• Communicate (through social media or other tools) to the riders about start time, location and the ride’s profile.
  • Ask your riders for music suggestions. If they contribute, chances are they will show up.

Step 4: Come Prepared & Make Sure They Are Prepared

As an instructor, this special ride requires careful profile planning and music selection (more on that next). Here are some other items to pay attention to:

  • Do not teach a regular class prior to the 120 minute class. Come well rested and hydrated. Eat a light meal an hour before the start of class.
  • If budget allows it, bring a case of bottled water, energy bars and fresh fruit. Riders will appreciate that, especially those who did not prepare well.
  • Bring an extra towel, extra batteries, a backup music source and wear your favorite outfit.
  • If you feel your audience would be receptive, bring some affordable “dollar store” items such as noise makers, light sticks, etc.
  • Bring your camera/mobile phone to take pictures for posting on social media.
  • Bring an ice pack or two. Some riders will discover new pains as they ride for 2 hours. Having an ice pack or two will help alleviate the pains and prevent unnecessary cramping.

Step 5: Carefully Craft The Ride’s Profile & Music

I know you have been teaching for many years and you can instruct a 60 or 90 minutes class with little planning. On the otheradvanced_indoor_cycling_workout hand, a 120 minute ride requires careful scripting of routines and companion music for some very important reasons:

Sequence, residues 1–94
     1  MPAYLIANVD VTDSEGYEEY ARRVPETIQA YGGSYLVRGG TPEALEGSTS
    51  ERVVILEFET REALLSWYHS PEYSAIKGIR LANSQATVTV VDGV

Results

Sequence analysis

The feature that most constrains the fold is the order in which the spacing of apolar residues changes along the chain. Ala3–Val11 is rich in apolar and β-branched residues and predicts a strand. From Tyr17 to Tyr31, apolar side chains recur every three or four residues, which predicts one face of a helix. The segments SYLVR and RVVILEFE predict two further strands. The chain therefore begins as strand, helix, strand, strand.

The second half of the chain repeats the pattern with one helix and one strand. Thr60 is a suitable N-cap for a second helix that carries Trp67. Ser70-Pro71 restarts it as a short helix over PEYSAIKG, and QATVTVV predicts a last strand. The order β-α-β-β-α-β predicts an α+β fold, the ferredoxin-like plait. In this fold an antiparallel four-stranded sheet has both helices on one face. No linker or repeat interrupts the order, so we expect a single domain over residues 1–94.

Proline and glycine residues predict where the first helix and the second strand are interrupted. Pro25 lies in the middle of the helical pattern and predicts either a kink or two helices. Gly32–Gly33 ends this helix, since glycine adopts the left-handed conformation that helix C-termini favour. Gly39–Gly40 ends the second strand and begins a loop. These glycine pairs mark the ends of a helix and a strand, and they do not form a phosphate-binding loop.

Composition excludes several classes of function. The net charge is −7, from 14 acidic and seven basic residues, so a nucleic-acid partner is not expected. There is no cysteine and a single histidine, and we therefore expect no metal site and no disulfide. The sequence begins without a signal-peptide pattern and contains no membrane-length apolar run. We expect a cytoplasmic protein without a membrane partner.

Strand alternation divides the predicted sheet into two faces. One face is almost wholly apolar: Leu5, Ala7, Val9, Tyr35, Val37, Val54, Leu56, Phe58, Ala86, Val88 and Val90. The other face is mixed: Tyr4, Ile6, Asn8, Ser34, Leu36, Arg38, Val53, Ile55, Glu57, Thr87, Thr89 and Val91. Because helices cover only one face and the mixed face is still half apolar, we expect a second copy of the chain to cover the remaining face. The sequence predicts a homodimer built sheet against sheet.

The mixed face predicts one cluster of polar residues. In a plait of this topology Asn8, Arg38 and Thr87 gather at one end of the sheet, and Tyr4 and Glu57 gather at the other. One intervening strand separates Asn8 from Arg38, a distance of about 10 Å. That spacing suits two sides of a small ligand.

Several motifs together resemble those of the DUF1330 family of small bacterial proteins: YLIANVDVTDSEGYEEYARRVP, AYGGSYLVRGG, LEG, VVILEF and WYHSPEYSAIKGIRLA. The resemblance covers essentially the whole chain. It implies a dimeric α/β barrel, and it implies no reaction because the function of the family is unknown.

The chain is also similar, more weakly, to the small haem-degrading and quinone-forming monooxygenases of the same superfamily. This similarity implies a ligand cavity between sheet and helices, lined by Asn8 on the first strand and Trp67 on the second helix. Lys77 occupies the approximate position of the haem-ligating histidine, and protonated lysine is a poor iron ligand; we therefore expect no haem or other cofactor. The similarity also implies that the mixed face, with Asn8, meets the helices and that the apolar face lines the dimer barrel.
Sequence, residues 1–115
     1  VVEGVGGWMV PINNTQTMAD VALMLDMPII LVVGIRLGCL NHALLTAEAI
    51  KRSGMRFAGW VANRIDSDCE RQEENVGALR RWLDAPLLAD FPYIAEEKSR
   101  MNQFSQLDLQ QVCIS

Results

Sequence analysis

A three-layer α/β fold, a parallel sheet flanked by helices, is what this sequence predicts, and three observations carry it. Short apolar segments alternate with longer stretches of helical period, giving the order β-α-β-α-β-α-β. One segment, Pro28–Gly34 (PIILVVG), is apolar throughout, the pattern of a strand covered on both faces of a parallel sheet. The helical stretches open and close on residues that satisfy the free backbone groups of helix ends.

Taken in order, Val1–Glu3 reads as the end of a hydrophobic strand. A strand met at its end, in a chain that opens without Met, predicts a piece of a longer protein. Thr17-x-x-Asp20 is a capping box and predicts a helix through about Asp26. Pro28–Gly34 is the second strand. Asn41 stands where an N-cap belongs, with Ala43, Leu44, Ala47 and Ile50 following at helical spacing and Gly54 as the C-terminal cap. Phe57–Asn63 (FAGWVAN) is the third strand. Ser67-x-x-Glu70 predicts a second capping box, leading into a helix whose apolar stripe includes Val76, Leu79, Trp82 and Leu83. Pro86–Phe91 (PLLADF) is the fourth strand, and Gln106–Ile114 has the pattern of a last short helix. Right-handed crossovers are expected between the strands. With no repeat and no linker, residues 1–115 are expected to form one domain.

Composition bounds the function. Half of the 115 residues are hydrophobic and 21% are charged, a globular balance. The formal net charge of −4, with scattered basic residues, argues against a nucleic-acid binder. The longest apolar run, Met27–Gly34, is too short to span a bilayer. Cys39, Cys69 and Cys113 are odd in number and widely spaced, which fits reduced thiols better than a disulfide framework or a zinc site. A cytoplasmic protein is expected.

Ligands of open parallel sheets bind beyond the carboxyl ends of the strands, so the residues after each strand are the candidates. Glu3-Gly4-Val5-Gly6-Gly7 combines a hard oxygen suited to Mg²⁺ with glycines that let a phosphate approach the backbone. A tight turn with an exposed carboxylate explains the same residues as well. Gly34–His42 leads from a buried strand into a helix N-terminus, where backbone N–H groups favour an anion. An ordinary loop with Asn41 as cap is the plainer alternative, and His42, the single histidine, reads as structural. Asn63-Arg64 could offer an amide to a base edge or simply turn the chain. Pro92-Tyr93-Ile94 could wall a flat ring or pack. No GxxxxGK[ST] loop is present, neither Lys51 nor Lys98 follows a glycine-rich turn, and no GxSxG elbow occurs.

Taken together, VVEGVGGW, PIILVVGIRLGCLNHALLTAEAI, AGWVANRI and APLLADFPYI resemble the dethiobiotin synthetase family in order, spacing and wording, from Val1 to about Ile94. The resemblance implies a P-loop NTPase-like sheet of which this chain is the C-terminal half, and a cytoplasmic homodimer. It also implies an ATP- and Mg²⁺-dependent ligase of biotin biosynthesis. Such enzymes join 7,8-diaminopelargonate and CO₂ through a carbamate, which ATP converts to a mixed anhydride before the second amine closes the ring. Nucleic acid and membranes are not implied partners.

• Your profile should have a balance between prolonged climbs, seated drills and combinations. Do not focus on just one drill – keep it varied, keep them interested and keep it moving!!
  • Your profile should have enough recovery times so that you do not burn the riders out.
  • You must pace the class and be clear about effort/energy output. Set targets for every 30 minutes using your power meter (if available).
  • Temper your own expectations: During my most recent 120 minute class, we started with 36 riders. After 60 minutes, 4 dropped off. After 75 minutes, 3 more dropped off. After 90 minutes, 27 riders remained. At the 120 minute mark, only 22 riders finished the class. The 120 minute ride is not for every rider. Some may try to see how far they can go. Some may try to complete it. Do not be alarmed if only a few riders remain for your first 120 minute ride.
  • Brush up on cues and write them down so that you do not “sound like a broken record”. Since the riders will be hearing you for 120 minutes, consider the “less is more” approach when verbally engaging the room.

Step 6: Acknowledge The Accomplishment

Riding for a sustained 2 hours in a remarkable milestone, irrespective of your fitness levels. As you coach your riders into accomplishment-clip-art-free-1874170unchartered territory, you will find that some will develop a new found confidence in their abilities to meet the challenge and overcome it. Your job is not to please everybody, but to focus on those who are willing to advance beyond personal limitations. You must reward their accomplishment: door prizes (something affordable), a personal acknowledgement on the studio’s website or your social media feed, will go a long way towards earning the bragging rights for having completed 120 minutes of an indoor cycling ride.

Ride on.


9 Tips & Tricks to Designing & Successfully Implementing an #IndoorCycling Program for Kids